Navigation Links
Genetic risk for schizophrenia is connected to reduced IQ
Date:5/16/2013

Philadelphia, PA, May 16, 2013 The relationship between the heritable risk for schizophrenia and low intelligence (IQ) has not been clear. Schizophrenia is commonly associated with cognitive impairments that may cause functional disability. There are clues that reduced IQ may be linked to the risk for developing schizophrenia. For example, reduced cognitive ability may precede the onset of schizophrenia symptoms. Also, these deficits may be present in healthy relatives of people diagnosed with schizophrenia.

In a remarkable new study published in Biological Psychiatry, Dr. Andrew McIntosh and his colleagues at the University of Edinburgh provide new evidence that the genetic risk for schizophrenia is associated with lower IQ among people who do not develop this disorder.

The authors analyzed data from 937 individuals in Scotland who first completed IQ testing in 1947, at age 11. Around age 70, they were retested and their DNA was analyzed to estimate their genetic risk for schizophrenia.

The researchers found that individuals with a higher genetic risk for schizophrenia had a lower IQ at age 70 but not at age 11. Having more schizophrenia risk-related gene variants was also associated with a greater decline in lifelong cognitive ability.

"If nature has loaded a person's genes towards schizophrenia, then there is a slight but detectable worsening in cognitive function between childhood and old age. With further research into how these genes affect the brain, it could become possible to understand how genes linked to schizophrenia affect people's cognitive function," said McIntosh.

These findings suggest that common genetic variants may underlie both cognitive aging and risk of schizophrenia.

"While this study does not show that these common gene variants produce schizophrenia per se, it elegantly suggests that these variants may contribute to declines in intelligence, a clinical feature associated with schizophrenia," commented Dr. John Krystal, Editor of Biological Psychiatry. "However, we have yet to understand the development of cognitive impairments that produce disability in young adulthood, the period when schizophrenia develops for many affected people."

Clearly, more research is necessary, but this new study adds to the growing and substantial effort to understand how the gene variants that contribute to the development of schizophrenia give rise to the cognitive disability commonly associated with it.


'/>"/>

Contact: Rhiannon Bugno
Biol.Psych@utsouthwestern.edu
214-648-0880
Elsevier
Source:Eurekalert

Related biology news :

1. Nearby chimpanzee populations show much greater genetic diversity than distant human populations
2. Will a genetic mutation cause trouble? Ask Spliceman
3. UC Santa Barbara researchers discover genetic link between visual pathways of hydras and humans
4. Perception and preference may have genetic link to obesity
5. A foot in the door to genetic information
6. Genetic survey of endangered Antarctic blue whales shows surprising diversity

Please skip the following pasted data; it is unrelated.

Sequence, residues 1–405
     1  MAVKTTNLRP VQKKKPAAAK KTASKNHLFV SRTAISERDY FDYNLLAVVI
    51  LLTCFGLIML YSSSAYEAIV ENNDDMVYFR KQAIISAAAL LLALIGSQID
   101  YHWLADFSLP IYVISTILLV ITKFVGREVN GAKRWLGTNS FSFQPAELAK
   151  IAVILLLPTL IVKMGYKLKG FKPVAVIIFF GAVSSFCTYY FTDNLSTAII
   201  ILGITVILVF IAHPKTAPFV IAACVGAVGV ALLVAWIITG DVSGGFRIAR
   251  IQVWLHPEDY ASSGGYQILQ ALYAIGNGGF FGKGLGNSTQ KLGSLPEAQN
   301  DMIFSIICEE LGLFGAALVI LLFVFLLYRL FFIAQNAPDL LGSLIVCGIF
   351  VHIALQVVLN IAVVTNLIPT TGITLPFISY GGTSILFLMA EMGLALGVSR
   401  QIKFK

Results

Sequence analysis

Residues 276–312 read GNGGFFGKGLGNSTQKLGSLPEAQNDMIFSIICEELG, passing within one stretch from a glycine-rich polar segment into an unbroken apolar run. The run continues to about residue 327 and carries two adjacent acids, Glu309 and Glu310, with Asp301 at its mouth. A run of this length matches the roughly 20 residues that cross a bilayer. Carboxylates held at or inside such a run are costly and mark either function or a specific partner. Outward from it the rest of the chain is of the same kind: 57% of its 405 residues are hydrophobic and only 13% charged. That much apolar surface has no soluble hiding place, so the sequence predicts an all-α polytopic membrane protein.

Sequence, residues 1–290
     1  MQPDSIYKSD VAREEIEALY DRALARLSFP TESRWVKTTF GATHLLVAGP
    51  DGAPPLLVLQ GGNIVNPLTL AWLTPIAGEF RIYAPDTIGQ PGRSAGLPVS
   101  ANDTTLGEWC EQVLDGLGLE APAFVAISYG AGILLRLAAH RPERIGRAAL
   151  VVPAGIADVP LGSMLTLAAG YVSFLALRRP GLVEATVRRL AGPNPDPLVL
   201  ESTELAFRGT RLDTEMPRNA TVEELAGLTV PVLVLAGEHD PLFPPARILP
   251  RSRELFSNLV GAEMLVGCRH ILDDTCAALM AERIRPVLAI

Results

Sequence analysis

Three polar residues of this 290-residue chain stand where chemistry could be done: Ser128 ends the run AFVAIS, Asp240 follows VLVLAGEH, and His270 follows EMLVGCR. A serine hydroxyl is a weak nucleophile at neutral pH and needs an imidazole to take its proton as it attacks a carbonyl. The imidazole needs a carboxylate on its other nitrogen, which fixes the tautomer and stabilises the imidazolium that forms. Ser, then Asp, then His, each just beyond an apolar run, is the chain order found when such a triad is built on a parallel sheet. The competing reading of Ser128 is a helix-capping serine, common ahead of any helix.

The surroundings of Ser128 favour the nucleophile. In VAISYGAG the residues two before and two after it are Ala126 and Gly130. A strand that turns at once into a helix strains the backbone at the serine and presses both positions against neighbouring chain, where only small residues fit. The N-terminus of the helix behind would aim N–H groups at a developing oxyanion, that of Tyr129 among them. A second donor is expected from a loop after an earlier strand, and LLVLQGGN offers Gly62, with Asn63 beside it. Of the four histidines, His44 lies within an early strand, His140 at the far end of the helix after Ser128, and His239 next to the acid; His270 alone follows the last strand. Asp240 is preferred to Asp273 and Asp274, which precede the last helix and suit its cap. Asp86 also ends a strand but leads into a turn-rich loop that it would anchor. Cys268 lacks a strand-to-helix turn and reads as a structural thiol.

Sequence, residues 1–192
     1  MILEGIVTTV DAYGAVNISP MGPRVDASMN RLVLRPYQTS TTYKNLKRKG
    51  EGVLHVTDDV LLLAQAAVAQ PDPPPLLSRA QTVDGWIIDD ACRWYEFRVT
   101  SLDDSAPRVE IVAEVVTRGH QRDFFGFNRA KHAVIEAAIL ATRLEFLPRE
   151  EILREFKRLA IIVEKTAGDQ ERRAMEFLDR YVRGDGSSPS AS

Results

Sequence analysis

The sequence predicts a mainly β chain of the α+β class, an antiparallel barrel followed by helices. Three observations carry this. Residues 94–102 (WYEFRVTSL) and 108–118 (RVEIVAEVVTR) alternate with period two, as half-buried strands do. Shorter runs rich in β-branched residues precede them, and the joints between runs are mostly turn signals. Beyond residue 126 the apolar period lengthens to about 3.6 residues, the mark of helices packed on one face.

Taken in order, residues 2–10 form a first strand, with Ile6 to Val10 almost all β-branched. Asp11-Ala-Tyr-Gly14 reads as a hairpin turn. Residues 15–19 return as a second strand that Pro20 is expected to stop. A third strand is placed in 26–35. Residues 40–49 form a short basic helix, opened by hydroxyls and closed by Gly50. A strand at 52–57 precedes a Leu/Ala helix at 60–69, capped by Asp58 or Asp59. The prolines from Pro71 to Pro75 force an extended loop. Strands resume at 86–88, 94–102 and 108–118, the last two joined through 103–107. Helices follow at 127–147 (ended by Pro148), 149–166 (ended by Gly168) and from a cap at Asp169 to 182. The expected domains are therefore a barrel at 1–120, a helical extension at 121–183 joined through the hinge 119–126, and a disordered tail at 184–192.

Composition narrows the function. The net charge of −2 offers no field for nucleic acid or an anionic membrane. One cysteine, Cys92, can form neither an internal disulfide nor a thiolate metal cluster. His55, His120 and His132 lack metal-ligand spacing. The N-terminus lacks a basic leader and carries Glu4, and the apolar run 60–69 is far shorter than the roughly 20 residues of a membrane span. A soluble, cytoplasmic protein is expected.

7. Epigenetic signatures direct the repair potential of reprogrammed cells
8. Epigenetics and epidemiology -- hip, hype and science
9. Genetic variation in East Asians found to explain resistance to cancer drugs
10. First complete full genetic map of promising energy crop
11. Genetic research develops tools for studying diseases, improving regenerative treatment
Post Your Comments:
*Name:
*Comment:
*Email:
(Date:10/4/2017)... 4, 2017  GCE Solutions, a global clinical research organization (CRO), ... anonymization solution on October 4, 2017. Shadow is designed to assist ... with policy 0070 of the European Medicines Agency (EMA) in meeting ... ... ...
(Date:7/20/2017)... WASHINGTON , July 20, 2017 Delta (NYSE: ... to board any Delta aircraft at Reagan Washington National Airport (DCA). ... Delta launches biometrics ... Delta,s ... Delta Sky Club is now integrated into the boarding process to ...
(Date:6/14/2017)... 15, 2017  IBM (NYSE: IBM ) is introducing several ... dedicated to developing collaboration between startups and global businesses, taking ... During the event, nine startups will showcase the solutions they ... industries. France is ... with a 30 percent increase in the number of startups ...
Breaking Biology News(10 mins):
(Date:10/11/2017)... ... October 11, 2017 , ... At its national ... Dr. Suneel I. Sheikh, the co-founder, CEO and chief research scientist of Minnesota-based ... selected for membership in ARCS Alumni Hall of Fame . ASTER Labs ...
(Date:10/11/2017)... (PRWEB) , ... October 11, 2017 , ... ComplianceOnline’s Medical ... place on 7th and 8th June 2018 in San Francisco, CA. The Summit brings ... well as several distinguished CEOs, board directors and government officials from around the world ...
(Date:10/11/2017)... the Netherlands and LAGUNA HILLS, Calif. ... The Institute of Cancer Research, London ... use MMprofilerâ„¢ with SKY92, SkylineDx,s prognostic tool to risk-stratify patients ... trial known as MUK nine . The University of ... trial, which is partly funded by Myeloma UK, and ICR ...
(Date:10/11/2017)... ... October 11, 2017 , ... Singh Biotechnology today ... designation to SBT-100, its novel anti-STAT3 (Signal Transducer and Activator of Transcription 3) ... able to cross the cell membrane and bind intracellular STAT3 and inhibit its ...
Breaking Biology Technology: